President Obama’s request to use military force in the Middle East could be a landmine issue for both Republicans and Democrats weighing White House bids.
GOP senators eyeing the presidency have diverged on how best to respond to the threat posed by the Islamic State in Iraq and Syria (ISIS).
It’s also a difficult move for Democrats. Hillary ClintonHillary Diane Rodham ClintonGOP political operatives indicted over illegal campaign contribution from Russian national in 2016 Clinton lawyer's indictment reveals 'bag of tricks' Attorney charged in Durham investigation pleads not guilty MORE was dogged during the 2008 race for the presidency over her vote to authorize the Iraq War. She could face a difficult question over how much support to throw behind Obama.
“All of these people are facing some political pitfalls because they can’t see into the future. People who voted for the Iraq War in 2002 based on information given to them by the Bush administration might have said and done different things with the benefit of hindsight,” said John Weaver, a Republican strategist who worked on Sen. John McCainJohn Sidney McCainBiden falters in pledge to strengthen US alliances 20 years after 9/11, US foreign policy still struggles for balance What the chaos in Afghanistan can remind us about the importance of protecting democracy at home MORE’s (R-Ariz.) 2008 presidential campaign.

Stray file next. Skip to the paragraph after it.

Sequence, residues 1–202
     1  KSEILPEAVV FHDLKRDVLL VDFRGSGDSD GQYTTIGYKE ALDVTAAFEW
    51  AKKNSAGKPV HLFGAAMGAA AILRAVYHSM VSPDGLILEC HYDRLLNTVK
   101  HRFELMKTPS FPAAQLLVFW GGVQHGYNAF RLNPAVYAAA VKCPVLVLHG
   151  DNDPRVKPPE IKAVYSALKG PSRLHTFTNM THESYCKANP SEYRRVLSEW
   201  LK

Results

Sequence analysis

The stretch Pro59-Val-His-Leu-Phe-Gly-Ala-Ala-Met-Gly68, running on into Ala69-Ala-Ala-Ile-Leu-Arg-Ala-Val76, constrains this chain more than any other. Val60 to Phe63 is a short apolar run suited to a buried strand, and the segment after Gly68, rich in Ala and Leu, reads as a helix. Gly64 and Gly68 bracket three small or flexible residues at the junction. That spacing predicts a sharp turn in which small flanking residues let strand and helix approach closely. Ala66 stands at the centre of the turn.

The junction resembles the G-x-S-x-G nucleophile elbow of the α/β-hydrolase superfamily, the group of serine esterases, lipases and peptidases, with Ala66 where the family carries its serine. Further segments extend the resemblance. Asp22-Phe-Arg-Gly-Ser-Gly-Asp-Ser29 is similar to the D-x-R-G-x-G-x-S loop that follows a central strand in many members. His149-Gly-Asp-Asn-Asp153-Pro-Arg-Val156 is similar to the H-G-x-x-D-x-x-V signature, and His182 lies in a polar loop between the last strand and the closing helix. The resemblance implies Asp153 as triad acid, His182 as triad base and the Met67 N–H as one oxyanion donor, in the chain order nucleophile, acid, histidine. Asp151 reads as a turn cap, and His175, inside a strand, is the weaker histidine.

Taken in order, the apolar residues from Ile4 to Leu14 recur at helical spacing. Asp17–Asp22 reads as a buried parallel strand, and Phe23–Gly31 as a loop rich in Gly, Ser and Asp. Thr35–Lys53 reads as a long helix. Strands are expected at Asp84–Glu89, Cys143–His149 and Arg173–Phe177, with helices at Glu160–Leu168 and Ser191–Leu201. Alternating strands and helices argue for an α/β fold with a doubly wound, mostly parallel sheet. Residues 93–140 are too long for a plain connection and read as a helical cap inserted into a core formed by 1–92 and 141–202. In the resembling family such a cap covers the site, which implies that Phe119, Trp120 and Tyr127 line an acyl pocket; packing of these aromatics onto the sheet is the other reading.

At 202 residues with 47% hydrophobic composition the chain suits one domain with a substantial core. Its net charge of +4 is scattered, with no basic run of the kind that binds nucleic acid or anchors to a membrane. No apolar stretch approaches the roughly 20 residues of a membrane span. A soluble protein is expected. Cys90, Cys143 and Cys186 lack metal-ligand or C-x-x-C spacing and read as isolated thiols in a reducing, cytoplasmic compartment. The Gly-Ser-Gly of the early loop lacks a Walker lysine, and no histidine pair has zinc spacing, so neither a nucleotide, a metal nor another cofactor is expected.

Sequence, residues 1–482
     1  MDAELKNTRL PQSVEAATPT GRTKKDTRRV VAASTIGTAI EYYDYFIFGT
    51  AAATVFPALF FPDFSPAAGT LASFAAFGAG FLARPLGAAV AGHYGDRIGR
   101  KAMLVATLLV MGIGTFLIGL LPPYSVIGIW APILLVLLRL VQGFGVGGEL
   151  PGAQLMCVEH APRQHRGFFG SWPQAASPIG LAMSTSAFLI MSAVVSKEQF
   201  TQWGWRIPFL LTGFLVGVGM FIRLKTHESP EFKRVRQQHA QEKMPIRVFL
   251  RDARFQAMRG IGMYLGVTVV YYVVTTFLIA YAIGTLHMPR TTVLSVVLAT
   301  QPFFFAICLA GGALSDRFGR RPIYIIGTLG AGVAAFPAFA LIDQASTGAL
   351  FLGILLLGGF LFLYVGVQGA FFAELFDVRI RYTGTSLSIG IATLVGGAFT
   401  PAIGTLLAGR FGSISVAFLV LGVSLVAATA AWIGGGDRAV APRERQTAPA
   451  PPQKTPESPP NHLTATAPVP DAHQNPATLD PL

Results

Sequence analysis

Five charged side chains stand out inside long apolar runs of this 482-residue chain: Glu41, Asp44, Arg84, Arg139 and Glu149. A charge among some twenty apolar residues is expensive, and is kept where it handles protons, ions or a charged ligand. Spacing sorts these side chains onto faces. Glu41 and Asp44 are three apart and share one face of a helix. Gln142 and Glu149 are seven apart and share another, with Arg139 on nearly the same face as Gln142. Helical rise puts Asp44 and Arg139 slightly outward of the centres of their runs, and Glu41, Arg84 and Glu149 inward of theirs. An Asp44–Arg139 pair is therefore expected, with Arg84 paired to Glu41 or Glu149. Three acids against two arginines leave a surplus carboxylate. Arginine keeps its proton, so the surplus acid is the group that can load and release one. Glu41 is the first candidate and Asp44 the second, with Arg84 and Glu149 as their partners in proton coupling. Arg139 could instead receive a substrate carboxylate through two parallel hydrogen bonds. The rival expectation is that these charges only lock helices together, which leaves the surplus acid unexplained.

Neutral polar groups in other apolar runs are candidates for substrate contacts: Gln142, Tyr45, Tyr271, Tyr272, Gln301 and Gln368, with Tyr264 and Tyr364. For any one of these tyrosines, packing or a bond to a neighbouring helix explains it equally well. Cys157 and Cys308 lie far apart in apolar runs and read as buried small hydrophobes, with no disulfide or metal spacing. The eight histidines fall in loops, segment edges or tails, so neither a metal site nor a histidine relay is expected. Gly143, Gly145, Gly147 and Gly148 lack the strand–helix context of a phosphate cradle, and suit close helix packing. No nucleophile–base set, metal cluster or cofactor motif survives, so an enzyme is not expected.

A spokeswoman for Clinton declined to comment on Obama’s request, which was unveiled Wednesday.
But Sen. Bernie SandersBernie SandersPelosi says House members would not vote on spending bill topline higher than Senate's Groups push lawmakers to use defense bill to end support for Saudis in Yemen civil war Congress must address the looming debt crisis MORE, an independent from Vermont who could challenge Clinton from the left, quickly announced his opposition to Obama’s plan — a move that could help him gain traction with the party’s progressive wing.
“I oppose sending U.S. ground troops into combat in another bloody war in the Middle East. I therefore cannot support the resolution in its current form without clearer limitations on the role of U.S. combat troops,” he said.
Sen. Elizabeth WarrenElizabeth WarrenDemocrats confront 'Rubik's cube on steroids' The Trojan Horse of protectionism Federal Reserve officials' stock trading sparks ethics review MORE (D-Mass.), the liberal hero many activists want to challenge Clinton, said Wednesday she’s still undecided on the issue. But if she comes out against the proposal, she could force Clinton’s hand.